Abhishek Banerjee has a reputation for playing the hero’s chattering buddy in a series of hit comedies – Stree (2018), Dream Girl (2019), Bala (2019). In the upcoming Amazon Prime Video web series Paatal Lok, Banerjee will be seen as the violent Vishal “Hathoda” Tyagi, who hammers people to death.
Hathoda Tyagi is the most dreaded among a gang of four killers out to assassinate media tycoon Sanjeev Mehra (Neeraj Kabi). Before they can carry out the job, they get arrested. The investigation is handed over to policeman Hathi Ram Chaudhary (Jaideep Ahlawat). The series, created by Sudip Sharma (NH10, Udta Punjab, Sonchiriya), will be out on May 15.
Banerjee, who is also a casting director and was working on Paatal Lok in that capacity, initially wanted to play Hathi Ram’s assistant, a role that ultimately went to Ishwak Singh.
“Here I was subconsciously putting myself in that position of being the sidekick again, until Sudip Sharma saw Stree and offered me Hathoda Tyagi’s role instead,” Banerjee recalled.
“The thing with the film industry is if you become popular in one kind of role, you keep getting cast in the same thing,” he said. “My first full-fledged role was in Ajji, then I played a bad guy in Phillauri, but they weren’t hits like Stree, which came later. So if Hathoda Tyagi works, you may find me doing dark roles one after another.”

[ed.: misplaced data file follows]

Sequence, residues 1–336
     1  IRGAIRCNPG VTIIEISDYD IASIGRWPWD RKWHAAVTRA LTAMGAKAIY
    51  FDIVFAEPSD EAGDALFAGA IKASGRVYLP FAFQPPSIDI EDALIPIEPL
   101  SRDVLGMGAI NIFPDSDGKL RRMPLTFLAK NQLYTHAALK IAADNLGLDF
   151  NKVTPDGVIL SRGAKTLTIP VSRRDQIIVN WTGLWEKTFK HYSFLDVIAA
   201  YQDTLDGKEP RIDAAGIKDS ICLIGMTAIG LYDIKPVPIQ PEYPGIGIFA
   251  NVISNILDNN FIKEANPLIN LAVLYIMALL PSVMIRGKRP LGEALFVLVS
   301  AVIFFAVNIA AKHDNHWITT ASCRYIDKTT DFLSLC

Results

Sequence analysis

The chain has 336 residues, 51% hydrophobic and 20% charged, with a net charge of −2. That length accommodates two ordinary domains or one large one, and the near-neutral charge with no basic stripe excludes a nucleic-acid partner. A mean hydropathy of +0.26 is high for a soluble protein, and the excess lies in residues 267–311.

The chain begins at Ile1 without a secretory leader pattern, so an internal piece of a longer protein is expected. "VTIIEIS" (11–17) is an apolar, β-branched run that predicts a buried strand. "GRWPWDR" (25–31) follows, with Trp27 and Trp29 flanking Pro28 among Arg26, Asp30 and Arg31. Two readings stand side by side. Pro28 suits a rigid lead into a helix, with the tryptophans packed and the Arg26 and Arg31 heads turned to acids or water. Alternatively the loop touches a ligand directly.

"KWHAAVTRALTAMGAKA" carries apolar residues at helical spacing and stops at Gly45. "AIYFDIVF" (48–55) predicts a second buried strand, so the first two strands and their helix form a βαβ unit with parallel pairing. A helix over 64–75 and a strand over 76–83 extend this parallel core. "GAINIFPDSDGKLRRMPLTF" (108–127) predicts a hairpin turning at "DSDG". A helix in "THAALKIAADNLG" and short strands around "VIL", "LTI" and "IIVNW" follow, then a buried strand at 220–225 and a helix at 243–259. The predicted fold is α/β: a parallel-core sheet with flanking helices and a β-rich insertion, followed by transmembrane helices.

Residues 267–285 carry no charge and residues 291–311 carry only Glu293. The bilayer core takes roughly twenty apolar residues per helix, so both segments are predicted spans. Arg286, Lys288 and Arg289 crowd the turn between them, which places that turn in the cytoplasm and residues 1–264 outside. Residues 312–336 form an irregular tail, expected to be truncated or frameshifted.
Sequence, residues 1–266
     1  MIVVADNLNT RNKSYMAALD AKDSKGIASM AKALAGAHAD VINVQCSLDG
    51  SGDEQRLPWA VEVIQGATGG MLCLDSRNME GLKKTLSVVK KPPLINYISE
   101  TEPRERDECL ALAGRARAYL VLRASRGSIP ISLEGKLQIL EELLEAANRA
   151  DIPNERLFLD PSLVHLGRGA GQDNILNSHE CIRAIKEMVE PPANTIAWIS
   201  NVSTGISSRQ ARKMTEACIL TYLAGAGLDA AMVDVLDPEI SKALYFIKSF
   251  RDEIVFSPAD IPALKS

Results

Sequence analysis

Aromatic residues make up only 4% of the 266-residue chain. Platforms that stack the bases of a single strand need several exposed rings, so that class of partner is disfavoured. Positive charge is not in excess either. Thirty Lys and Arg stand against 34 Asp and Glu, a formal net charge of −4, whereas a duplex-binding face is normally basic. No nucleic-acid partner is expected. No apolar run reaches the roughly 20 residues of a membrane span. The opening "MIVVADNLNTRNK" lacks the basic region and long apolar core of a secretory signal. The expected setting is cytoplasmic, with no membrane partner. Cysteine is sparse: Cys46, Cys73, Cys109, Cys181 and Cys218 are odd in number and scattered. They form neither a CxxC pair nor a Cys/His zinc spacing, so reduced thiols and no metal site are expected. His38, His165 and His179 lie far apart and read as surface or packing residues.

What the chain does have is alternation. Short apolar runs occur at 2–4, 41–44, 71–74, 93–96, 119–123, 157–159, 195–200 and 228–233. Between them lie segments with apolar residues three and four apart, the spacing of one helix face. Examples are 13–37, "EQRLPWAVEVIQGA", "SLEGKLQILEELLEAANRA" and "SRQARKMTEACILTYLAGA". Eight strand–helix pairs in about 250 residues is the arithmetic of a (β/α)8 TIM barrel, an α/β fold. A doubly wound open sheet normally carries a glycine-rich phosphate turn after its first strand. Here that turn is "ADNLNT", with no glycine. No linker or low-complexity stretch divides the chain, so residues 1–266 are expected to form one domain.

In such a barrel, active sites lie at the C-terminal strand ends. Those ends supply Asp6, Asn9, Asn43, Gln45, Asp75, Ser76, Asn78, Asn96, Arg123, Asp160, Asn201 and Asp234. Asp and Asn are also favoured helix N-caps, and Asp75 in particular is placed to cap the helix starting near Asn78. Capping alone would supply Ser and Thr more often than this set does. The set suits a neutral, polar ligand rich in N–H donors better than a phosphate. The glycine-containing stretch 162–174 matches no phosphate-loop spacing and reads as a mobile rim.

Asked to describe Hathoda Tyagi, Banerjee simply said: “All I can tell you is that his name defines his personality. And playing him took a toll on me as he’s a pretty intense character, very different from me. I had to understand his sociopolitical truths, question everything as he did, and then with the answers I found, I put myself on the screen.”